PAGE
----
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Nagekeo to host NTT’s first literacy festival

Markus Makur

The Jakarta Post

Nagekeo, East Nusa Tenggara  /  Thu, September 26, 2019  /  12:27 pm
Nagekeo to host NTT’s first literacy festival

More than just about reading, writing and speaking; literacy was also a tool for negotiating successfully in the regional, national and international levels. (Shutterstock/Billion Photos)

Nagekeo regency on Flores Island, East Nusa Tenggara (NTT), will host the province’s first literacy festival on Sept. 27-30, with 23 regencies and cities participating.

Nagekeo Regent Johanes Don Bosco Do underlined that literacy was not just about reading, writing and speaking; it was also a tool for negotiating successfully in the regional, national and international levels.

“Literacy is a tool needed to optimize the various potential we have to revive NTT, to change Nagekeo,” Johanes told The Jakarta Post on the phone earlier this week.

He said the literacy festival that he and his deputy regent had initiated had received support from various ministries and government institutions. He said the event was a way of introducing Nagekeo to a wider audience.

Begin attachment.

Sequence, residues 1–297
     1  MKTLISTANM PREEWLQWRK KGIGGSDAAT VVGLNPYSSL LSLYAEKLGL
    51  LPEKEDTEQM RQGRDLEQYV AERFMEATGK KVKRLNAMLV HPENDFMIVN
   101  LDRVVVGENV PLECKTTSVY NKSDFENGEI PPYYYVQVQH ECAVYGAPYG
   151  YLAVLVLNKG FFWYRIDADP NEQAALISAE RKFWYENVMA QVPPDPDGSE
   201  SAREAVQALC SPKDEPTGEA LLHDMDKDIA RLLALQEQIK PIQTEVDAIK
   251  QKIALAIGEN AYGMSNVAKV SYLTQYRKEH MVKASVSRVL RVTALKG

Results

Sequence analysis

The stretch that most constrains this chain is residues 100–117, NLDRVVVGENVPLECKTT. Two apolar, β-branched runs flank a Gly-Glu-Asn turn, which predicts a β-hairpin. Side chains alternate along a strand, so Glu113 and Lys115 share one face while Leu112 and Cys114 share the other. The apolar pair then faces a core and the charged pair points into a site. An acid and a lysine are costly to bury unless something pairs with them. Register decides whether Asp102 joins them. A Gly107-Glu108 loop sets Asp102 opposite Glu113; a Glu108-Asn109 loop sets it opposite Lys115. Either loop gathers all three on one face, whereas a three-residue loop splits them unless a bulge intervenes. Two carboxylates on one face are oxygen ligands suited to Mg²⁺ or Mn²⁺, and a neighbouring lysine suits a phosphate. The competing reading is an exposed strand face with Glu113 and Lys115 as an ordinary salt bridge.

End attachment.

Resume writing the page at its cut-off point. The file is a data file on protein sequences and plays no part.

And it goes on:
“We want to ask for the central government’s commitment and attention to help us build the regency, which has only existed for a few years, to overcome all its limitations,” he said.

The festival, he added, would be a shared stage for Nagekeo and other NTT people to maintain its richness in local culture and survive marginalization. It also aims to fight the stereotype that often labels the regency as a poor and underdeveloped one.

Slated to run for five days, the festival also has the mission to promote the legacies of the Nagekeo hinterland community’s ancestors, including esu kose (traditional method of cooking rice in earthenware). The legacy is still well preserved in Woedoa village.

“One thousand women are ready to carry 1,000 esu kose pots on their heads. This is a legacy of Nagekeo’s ancestors that we are reviving,” the regent said.

Read also: Books and bricks: Building cities with literature

Meanwhile, lecturer Lasarus Jehamat from Nusa Cendana University (Undana) said NTT had a strong oral and speech culture, as well as a so-called audiovisual culture, which meant there was less motivation to read or write and explained the province’s low literacy rate.

Lasarus said the NTT people could improve their literacy by starting from home, such as accompanying bedtime stories with written storytelling.

Furthermore, on the social level, a tradition of writing has to be implemented, and the provincial administration should include storytelling and writing as compulsory subjects at local schools.

Lasarus went on to say that he had been inspired by a quote from the late author Pramoedya Ananta Toer, who said that people could be clever and knowledgeable, but as long as they didn’t write, they would vanish in history. Writing is working for eternity, he said. (yun/mut)

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